Combining your pension savings with
The People's Pension

You could transfer your other pensions into The People’s Pension. It’ll be easier to keep track of them in one place and you could save money on charges too. If you’re unsure what’s right for you, it’s a good idea to consider getting advice. Otherwise, if you’re comfortable making financial decisions, all you need to do is give us the details of your other pensions (either online or by post) and we’ll do the rest.

What’s the difference?

1

Taking your tax-free cash up front with
The People's Pension

Find out more
2

Spreading your tax-free cash across all withdrawals with The People's Pension

Find out more

Does The People's Pension offer this option?

Yes

As long as you have more than £10,000 in your pension pot, or £2,000 if you’ve already taken money before.

More about taking your tax-free cash up front with us.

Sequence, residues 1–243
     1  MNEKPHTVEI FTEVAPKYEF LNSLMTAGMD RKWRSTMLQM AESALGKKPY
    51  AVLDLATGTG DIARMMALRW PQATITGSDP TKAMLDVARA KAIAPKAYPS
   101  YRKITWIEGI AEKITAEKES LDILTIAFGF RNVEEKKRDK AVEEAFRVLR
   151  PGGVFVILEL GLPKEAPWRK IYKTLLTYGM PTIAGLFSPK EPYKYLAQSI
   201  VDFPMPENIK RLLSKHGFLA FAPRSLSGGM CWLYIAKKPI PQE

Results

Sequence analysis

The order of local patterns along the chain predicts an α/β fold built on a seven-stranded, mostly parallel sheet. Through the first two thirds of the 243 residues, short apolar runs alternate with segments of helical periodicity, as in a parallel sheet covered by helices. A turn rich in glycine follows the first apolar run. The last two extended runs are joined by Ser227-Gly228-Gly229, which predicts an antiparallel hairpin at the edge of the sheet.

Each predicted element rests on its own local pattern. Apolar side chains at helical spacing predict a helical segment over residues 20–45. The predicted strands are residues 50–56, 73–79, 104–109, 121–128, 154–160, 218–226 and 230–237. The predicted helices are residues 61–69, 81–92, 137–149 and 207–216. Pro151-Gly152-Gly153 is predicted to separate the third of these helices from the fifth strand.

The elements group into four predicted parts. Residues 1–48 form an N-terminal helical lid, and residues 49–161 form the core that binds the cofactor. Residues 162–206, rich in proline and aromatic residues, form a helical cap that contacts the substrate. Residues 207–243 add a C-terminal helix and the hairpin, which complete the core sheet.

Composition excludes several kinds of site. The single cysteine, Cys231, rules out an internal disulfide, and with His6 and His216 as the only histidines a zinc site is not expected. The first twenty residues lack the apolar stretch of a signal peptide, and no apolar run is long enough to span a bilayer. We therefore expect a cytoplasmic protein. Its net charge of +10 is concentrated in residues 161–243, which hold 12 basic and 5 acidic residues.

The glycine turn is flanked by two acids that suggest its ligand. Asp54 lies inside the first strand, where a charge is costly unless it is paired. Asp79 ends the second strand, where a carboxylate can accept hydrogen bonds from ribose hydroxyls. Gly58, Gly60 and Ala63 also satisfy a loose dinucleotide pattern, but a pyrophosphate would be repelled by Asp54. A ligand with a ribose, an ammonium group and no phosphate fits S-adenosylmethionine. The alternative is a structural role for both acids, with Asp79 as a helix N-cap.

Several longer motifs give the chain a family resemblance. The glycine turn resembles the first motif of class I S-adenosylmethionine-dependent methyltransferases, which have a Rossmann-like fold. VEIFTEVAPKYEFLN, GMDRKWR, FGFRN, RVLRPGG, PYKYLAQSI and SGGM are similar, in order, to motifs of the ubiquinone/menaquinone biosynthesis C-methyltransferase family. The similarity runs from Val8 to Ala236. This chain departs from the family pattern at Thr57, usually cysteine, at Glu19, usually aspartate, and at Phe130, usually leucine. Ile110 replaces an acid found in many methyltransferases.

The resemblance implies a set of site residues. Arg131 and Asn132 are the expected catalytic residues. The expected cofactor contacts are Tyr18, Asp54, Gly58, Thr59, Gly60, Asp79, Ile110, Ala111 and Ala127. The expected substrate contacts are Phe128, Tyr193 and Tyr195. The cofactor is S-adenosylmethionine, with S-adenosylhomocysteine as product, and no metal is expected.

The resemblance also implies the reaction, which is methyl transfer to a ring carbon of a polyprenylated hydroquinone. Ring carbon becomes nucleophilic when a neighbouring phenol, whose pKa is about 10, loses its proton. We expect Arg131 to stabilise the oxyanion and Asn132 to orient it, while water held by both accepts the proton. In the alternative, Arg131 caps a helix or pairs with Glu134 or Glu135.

Yes

As long as you have more than £10,000 in your pension pot, or £2,000 if you’ve already taken money before.

More about spreading your tax-free cash across all withdrawals with us.

Will I pay tax on the money I receive?

Will this option affect my tax relief if I want to continue saving into a pension?

Is the money guaranteed to last for the rest of my life?

Do I have any other choices, once I have selected this option?

Can I leave money to someone when I die through this option?

What are the risks?

How do I choose this option with The People's Pension?

All your options at retirement Keep your money where it is Take it all in one go Take it a bit at a time Buy a guaranteed income or 'annuity'